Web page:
HEARTBREAK: On the play that ultimately won the game, Pohlen fell to the ground as White was laying in the ball. Pohlen grabbed her ankle as she lay on the baseline and then had to be helped off the court. She ends her career with an up-and-down night (11 points, 3-of-4 3-pointers, seven turnovers), limping to the bench unable to help as a last long pass by Mikaela Ruef was intercepted.
FINAL X FACTOR: Texas A&M wanted the game to be a little rough, maybe even a little ugly at times. The Aggies made it so. They imposed their will and style on the game and while Stanford played in that environment, the Cardinal were never comfortable. Mission accomplished for Gary Blair and his Aggies. It wasn't always perfect, but the intensity never let up as Texas A&M reached its first national championship game.
First-half analysis: Stanford 27, Texas A&M 23
PLAYER OF THE HALF: Stanford's Nneka Ogwumike. Stanford's entire game plan seemed to be to get the ball in to Ogwumike or get the ball on the rim and let her go get it. She was all Stanford had early and for most of the half. She was the single weapon to offset the tremendous Texas A&M defensive pressure. Ogwumike finished with 16 points and six rebounds while playing the entire half with no fouls.
PLAYER OF THE HALF II: Texas A&M's Sydney Colson. She grabs this honor without scoring a single point. The senior's contribution was all about defense, but she spearheaded the A&M pressure and completely took Stanford's Jeanette Pohlen out of her game. Pohlen was uncomfortable the entire half, committing five turnovers. Thank Colson for that.
BEST SUPPORTING ROLE: Stanford's Kayla Pedersen. She didn't get off to a quick start, but in typical Pedersen style, she wore down whoever was guarding her, scoring while facing up in the lane, in the post and on dribble drives. She finished with nine points and five rebounds.
TURNING POINT: Texas A&M went on an 11-1 run that ended with a Kelsey Assarian layup with 8:13 left for a 19-12 Aggies lead. During that 5 minute, 10 second period, Stanford turned over the ball six times in seven possessions.
TURNING POINT II: Immediately after that A&M spurt, Stanford answered to finish the half on a 13-4 run for the lead. The Cardinal settled down a bit and it was during that stretch that Pohlen made her only 3-pointer of the half. It came with 3:08 left and gave Stanford a 23-21 lead.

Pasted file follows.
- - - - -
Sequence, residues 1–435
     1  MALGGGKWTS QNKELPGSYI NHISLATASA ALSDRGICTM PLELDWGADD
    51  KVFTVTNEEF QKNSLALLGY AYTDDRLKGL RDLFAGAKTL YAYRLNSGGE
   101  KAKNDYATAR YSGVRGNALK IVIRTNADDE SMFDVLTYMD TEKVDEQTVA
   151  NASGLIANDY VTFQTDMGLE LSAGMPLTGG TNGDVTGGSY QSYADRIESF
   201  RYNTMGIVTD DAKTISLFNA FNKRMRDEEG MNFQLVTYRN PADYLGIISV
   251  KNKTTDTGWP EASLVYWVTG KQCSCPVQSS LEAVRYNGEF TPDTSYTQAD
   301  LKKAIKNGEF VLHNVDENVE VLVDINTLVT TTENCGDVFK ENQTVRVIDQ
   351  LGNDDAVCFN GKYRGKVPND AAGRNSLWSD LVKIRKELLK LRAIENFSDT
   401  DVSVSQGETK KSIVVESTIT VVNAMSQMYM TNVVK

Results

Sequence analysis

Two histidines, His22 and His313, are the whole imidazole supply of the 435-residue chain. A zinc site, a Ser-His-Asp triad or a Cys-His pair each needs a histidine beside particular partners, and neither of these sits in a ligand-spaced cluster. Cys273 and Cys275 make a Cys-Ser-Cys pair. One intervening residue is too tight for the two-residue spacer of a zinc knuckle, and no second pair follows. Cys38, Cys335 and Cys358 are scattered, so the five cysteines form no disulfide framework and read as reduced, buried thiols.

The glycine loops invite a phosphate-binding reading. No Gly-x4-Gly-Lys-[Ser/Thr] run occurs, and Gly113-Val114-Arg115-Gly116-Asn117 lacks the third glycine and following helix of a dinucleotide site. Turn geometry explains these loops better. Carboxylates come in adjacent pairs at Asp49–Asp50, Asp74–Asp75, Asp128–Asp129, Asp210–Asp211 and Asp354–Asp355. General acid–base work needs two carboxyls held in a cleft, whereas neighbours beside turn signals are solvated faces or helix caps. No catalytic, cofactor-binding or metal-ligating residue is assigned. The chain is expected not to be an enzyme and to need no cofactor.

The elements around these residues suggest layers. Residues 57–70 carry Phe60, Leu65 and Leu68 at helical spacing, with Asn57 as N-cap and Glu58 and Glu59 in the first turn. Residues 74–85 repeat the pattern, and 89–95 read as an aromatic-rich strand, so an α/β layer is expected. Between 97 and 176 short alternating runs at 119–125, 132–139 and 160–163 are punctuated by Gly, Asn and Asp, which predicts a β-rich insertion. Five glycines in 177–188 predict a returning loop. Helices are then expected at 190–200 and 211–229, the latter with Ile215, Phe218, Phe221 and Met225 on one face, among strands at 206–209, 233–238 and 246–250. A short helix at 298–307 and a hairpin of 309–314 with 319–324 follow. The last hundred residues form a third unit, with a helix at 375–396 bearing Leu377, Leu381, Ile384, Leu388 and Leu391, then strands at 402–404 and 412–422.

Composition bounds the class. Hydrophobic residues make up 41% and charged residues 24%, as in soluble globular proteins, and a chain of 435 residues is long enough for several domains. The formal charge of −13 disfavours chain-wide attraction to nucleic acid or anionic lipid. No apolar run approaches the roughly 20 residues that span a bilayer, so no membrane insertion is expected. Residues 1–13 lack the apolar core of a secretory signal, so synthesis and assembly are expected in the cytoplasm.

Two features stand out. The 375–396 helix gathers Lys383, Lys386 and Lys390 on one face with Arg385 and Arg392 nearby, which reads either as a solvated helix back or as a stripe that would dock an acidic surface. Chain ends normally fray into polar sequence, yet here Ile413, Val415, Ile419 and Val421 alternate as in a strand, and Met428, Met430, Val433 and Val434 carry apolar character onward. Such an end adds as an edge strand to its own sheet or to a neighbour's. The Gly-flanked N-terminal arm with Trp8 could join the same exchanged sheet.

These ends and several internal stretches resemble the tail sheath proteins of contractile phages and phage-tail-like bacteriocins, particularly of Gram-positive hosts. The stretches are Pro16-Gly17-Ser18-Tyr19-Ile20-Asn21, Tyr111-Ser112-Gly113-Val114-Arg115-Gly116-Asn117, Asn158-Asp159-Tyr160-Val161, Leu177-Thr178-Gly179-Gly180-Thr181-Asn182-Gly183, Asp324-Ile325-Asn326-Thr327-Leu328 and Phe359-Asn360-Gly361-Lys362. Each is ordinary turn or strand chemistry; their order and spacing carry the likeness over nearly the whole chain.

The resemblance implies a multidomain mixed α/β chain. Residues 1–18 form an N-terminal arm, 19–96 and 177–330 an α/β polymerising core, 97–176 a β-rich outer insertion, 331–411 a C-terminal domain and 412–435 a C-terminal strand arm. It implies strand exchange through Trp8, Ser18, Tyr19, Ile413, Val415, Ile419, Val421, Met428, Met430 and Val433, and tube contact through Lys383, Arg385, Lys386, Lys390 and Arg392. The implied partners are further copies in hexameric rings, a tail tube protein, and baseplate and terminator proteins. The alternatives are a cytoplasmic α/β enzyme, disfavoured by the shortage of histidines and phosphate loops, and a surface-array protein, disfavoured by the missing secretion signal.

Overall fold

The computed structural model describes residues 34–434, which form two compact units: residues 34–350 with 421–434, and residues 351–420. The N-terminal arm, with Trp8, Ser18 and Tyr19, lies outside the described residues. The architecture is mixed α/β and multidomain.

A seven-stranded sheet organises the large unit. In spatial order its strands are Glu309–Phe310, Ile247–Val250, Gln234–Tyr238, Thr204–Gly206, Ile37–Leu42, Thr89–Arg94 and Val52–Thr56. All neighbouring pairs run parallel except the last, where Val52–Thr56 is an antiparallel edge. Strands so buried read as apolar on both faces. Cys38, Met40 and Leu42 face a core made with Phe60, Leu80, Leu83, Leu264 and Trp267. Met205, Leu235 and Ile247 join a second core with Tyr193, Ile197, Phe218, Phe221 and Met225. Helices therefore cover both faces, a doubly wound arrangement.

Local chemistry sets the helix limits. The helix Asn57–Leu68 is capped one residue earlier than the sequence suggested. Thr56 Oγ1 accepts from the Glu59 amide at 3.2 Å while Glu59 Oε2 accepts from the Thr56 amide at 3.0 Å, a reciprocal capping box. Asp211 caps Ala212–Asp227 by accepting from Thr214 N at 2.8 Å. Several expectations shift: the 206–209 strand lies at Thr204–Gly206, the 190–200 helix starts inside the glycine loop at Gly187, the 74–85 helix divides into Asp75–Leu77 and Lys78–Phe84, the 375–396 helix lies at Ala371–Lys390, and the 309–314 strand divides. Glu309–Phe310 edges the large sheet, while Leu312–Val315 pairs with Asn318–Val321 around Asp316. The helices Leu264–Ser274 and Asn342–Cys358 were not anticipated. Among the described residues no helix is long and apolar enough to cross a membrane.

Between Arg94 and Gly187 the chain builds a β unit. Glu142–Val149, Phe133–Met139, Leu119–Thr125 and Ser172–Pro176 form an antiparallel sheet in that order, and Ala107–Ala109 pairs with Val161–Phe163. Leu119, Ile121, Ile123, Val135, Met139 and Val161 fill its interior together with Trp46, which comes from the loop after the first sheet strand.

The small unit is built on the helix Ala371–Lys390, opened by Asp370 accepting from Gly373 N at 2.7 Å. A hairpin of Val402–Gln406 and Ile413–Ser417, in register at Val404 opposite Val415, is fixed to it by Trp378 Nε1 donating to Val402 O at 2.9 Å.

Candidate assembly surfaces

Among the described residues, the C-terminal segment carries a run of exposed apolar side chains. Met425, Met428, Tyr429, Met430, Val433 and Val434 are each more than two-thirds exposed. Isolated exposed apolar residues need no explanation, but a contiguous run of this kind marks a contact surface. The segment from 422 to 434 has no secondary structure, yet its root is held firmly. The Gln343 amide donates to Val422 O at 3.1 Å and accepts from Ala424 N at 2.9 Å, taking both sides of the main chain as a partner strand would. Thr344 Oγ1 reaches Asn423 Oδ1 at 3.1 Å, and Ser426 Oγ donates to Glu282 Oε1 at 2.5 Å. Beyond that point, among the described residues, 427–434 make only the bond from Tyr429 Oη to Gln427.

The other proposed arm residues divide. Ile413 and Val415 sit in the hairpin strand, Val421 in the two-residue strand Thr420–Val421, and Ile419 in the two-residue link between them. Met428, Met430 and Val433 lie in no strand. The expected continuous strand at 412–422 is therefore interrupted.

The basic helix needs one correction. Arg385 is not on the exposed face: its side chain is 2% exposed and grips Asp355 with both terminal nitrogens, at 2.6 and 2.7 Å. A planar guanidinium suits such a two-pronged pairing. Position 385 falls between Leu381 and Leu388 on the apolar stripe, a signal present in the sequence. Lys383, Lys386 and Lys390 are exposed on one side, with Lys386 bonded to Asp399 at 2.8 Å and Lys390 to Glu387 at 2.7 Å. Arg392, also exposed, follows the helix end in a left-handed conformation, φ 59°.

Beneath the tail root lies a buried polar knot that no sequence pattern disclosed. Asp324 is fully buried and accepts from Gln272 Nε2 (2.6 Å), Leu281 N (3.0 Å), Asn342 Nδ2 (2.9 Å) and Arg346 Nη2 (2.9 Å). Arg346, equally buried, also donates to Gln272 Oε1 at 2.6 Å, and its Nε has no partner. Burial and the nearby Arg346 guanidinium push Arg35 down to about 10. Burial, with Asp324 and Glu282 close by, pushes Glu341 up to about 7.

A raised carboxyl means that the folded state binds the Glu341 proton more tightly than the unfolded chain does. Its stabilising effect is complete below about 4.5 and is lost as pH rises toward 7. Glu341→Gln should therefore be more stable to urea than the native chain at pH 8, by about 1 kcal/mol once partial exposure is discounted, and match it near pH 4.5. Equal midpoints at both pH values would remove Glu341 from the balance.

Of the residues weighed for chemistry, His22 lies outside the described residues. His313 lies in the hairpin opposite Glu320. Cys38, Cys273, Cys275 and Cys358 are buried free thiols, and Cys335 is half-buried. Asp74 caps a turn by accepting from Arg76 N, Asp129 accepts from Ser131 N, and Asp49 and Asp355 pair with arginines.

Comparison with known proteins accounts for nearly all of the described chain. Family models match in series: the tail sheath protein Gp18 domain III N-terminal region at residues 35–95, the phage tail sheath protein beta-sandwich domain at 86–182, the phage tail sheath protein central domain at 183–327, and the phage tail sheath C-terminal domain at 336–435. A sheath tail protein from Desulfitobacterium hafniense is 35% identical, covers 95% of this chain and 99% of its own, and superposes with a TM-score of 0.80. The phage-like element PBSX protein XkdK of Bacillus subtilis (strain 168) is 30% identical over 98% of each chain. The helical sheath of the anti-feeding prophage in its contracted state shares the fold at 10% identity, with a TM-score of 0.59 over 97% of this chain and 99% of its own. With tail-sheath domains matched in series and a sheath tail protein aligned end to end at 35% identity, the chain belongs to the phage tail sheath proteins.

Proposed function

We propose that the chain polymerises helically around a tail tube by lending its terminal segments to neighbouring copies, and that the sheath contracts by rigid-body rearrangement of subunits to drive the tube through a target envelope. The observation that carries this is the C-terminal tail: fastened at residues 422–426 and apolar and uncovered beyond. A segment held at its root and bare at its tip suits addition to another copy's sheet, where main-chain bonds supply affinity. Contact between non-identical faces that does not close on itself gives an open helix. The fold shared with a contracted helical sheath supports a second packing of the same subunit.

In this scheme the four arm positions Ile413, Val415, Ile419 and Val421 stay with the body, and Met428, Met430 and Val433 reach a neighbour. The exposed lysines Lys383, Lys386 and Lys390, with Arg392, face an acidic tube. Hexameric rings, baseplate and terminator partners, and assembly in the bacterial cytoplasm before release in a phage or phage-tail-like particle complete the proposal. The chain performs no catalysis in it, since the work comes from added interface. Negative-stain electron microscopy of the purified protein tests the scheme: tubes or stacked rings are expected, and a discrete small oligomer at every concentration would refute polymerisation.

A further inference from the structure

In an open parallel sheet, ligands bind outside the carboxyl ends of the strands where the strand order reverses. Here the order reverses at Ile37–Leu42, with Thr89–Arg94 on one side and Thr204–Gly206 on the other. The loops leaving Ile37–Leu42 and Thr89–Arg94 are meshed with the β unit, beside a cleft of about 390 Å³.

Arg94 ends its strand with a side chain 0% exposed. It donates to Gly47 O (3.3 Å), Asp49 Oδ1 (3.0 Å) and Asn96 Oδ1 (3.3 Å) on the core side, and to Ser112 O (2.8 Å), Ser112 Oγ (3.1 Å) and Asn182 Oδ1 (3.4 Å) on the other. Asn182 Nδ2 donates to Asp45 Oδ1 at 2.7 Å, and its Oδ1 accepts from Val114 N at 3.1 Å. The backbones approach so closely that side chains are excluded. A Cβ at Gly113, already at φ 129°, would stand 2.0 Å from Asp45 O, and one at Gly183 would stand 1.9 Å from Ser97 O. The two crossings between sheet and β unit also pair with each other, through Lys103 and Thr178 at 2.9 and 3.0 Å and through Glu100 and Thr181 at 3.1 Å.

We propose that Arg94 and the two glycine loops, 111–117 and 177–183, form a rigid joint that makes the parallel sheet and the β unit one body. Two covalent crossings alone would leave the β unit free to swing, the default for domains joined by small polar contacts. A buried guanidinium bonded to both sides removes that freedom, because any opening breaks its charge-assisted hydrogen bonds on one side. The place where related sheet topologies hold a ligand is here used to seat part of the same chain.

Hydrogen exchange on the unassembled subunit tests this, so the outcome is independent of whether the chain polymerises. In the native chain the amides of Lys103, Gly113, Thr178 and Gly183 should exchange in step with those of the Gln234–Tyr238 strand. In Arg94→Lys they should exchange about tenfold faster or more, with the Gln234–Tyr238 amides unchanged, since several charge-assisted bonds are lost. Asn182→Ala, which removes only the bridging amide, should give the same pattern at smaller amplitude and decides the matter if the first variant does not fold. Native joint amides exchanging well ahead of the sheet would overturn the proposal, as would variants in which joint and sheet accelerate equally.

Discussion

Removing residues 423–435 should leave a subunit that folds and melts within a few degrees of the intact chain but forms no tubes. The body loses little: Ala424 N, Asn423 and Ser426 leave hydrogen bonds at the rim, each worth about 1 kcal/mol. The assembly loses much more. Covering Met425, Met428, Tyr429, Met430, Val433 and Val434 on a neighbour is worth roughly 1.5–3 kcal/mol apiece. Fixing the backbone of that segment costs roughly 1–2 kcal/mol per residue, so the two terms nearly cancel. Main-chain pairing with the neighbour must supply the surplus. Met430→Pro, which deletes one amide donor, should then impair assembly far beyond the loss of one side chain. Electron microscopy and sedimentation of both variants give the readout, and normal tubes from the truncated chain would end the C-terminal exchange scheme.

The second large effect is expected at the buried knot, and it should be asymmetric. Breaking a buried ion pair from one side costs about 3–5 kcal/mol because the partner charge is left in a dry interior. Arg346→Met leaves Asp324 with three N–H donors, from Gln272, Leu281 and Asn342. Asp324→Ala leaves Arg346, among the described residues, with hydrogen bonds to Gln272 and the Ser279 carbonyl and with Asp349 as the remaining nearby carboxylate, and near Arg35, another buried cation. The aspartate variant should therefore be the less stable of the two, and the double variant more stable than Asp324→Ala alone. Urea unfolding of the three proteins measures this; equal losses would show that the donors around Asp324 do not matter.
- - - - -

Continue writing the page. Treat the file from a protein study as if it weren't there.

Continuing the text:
KEY STAT: Senior Melanie Murphy, who played a total of three minutes in the Spokane Regional, played 11 in the first half. She didn't play particularly well at first, but Stanford coach Tara VanDerveer clearly had more confidence in Murphy than either Lindy La Rocque or Toni Kokenis, who combined to play just 10 minutes.
KEY STAT II: Stanford outrebounded Texas A&M 23-15, and that includes grabbing 11 of the game's first 12 rebounds.
THREE THINGS TEXAS A&M HAS TO DO TO WIN:
1. Shoot it better. The Aggies were just 10-of-33 from the field. Colson was 0-for-4. Adaora Elonu was 1-for-5.
2. Get more out of Danielle Adams. Whether it was the early fast pace or the ball she took to the face midway through the half, her body language was not good for most of the first 20 minutes. She made an early 3, but did little else after that and has two fouls.
3. Keep the pressure on. A&M's biggest weapon was its pressure defense and the Aggies were able to maintain it most of the half. Without being able to rebound or make jump shots, forcing Stanford mistakes might be all they have.
THREE THINGS STANFORD HAS TO DO TO WIN:
1. Settle down. Texas A&M hasn't made it easy and won't in the second half, but it will be tough to win if the Cardinal keep this pace of 11 turnovers per 20 minutes.
2. Get more from Chiney Ogwumike. While Nneka was outstanding, the younger Ogwumike sister struggled after scoring the game's first basket. She picked up her second foul at the 9:10 mark and played just nine minutes. Her line was two points, 1-of-5 from the field and two rebounds.
3. Keep rebounding. The dominance on the glass is what kept Stanford from getting blown out by the A&M defensive onslaught early. It's the Cardinal's biggest advantage and it needs to stay that way.
Charlie Creme can be reached at firstname.lastname@example.org.